A Bill In The Kansas Senate Would Get Rid Of The Rules That Social Workers Have To Follow


Social Work Month is in March. This is a time to honor social workers for all they do and how they affect so many Kansans.

This year is the 50th anniversary of the state’s Social Work Practice Act, which is a big deal for social workers in Kansas.

In 1974, social workers in Kansas worked together with the help of the Kansas Council of the National Association of Social Workers (NASW) to get the Kansas Legislature to make it a law that social workers needed to be registered.

Neil Arasmith, a Republican from Jewell who used to be a senator, pushed for Senate Bill 623. It was this bill that paved the way for social work to become a profession, and it has controlled the field for 50 years.

Kansas was one of the first states in the country to pass all three levels of licensing: bachelor’s, master’s, and post-graduate practice. At that time, only 11 states had rules that required social workers to have licenses. Missouri, on the other hand, didn’t start requiring social workers to have licenses until 1989. It was the 45th state in the U.S. to do so.

You could legally call yourself a social worker before you got a license and provide mental health services through organizations or in your own home, even if you weren’t qualified to do so.

The law from 1974 explained what social work was, what skills people needed to get a license, who could practice privately, and gave the public a way to get justice and protect themselves from harm.

After SB 623 was passed, Kansas set up the Board of Social Work Examiners, which is part of the Kansas Department of Social Rehabilitation Services and makes suggestions to SRS Secretary Robert Harder. Psychologists and social workers were then regulated by the Behavioral Sciences Regulatory Board, which was set up in 1980.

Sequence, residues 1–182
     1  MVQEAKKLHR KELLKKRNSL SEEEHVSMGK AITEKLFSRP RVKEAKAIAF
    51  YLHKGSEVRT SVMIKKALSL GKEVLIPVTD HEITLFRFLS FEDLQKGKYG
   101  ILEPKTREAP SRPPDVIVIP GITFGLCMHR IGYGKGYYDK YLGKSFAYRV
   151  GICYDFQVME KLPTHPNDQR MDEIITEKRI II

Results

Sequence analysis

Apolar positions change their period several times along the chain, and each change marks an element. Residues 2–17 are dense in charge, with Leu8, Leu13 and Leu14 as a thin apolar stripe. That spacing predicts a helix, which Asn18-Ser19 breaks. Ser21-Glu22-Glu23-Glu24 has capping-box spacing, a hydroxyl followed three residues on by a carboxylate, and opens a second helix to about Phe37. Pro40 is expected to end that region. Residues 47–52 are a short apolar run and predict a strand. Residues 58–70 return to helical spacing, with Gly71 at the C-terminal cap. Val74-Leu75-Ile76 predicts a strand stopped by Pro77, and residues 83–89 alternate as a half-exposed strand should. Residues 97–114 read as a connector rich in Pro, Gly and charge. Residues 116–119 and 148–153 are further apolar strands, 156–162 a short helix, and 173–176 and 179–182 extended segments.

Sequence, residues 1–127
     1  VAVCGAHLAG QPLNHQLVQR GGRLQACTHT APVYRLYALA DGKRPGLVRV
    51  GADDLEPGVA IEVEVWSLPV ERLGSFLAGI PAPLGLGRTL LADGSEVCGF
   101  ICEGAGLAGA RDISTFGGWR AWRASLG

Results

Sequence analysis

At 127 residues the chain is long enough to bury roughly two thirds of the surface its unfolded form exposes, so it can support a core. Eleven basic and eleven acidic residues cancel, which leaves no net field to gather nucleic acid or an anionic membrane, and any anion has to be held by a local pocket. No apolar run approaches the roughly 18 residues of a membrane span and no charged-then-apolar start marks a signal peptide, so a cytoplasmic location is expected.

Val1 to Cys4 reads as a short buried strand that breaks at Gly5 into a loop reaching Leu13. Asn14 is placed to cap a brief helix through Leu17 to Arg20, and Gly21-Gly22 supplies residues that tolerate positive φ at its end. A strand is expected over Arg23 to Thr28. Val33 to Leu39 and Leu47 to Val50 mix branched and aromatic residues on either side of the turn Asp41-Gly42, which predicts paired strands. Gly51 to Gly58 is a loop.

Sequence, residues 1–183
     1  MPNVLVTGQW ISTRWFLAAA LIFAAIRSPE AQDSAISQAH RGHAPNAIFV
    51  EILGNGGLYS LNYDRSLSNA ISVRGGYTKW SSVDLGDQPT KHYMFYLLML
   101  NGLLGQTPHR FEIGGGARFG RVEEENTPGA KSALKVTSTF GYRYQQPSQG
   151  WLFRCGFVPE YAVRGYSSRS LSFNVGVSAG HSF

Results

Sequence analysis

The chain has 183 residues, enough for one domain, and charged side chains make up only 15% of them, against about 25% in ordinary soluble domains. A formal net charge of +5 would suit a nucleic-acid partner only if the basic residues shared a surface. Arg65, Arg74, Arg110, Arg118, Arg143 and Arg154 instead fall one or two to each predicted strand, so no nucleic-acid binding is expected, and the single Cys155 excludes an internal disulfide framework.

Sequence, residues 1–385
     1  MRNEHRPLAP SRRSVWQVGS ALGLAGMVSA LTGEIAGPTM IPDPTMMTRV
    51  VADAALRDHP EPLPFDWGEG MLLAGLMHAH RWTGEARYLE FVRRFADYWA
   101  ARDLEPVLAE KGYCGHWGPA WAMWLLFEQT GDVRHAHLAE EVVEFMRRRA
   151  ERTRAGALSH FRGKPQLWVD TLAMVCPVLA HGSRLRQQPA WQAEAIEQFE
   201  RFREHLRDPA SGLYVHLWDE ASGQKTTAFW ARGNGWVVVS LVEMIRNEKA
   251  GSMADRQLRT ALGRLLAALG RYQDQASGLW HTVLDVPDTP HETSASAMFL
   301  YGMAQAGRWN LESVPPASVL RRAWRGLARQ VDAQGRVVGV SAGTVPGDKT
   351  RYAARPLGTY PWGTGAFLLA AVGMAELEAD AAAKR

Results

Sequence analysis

This year, social workers, such as the Kansas Chapter of NASW, are supporting HB 2484, which is another important law. Through a social work licensing agreement, HB 2484 will make it easier for people to work in more than one state.

The agreement will let social workers provide consistent care across state lines, including through telehealth platforms, without having to get extra licenses for each state. This will save them time and money.

There were 118 votes in favor of HB 2484 and two against it. The Senate now has the bill. At this point, 22 states have proposed bills like this one. Neighboring states Colorado and Nebraska are among them. Missouri and South Dakota have already made the compact law.

At a time when our state and the country need social workers more than ever, getting rid of the legislative hurdles that stop Kansas social workers from working in more than one state is very important. The problem of social work licenses that can be used in more than one state needs to be fixed so that more people can get professional licenses and more mental health services can be provided.

The main people who help people with mental health problems in Kansas and across the country are social workers. We are at a turning point in the history of our state to make sure that our field can meet the needs of people who need mental health care.

We want you to learn more about social work, not just during Social Work Month. Thank a social worker for their work. They have probably helped a lot of people in our community. The thanks are probably well-deserved after a day of working long hours for low pay and helping others with their problems, which can be hard at times.

Please take a moment to thank the people in your life and community who are doing this important job. Thanks a lot.

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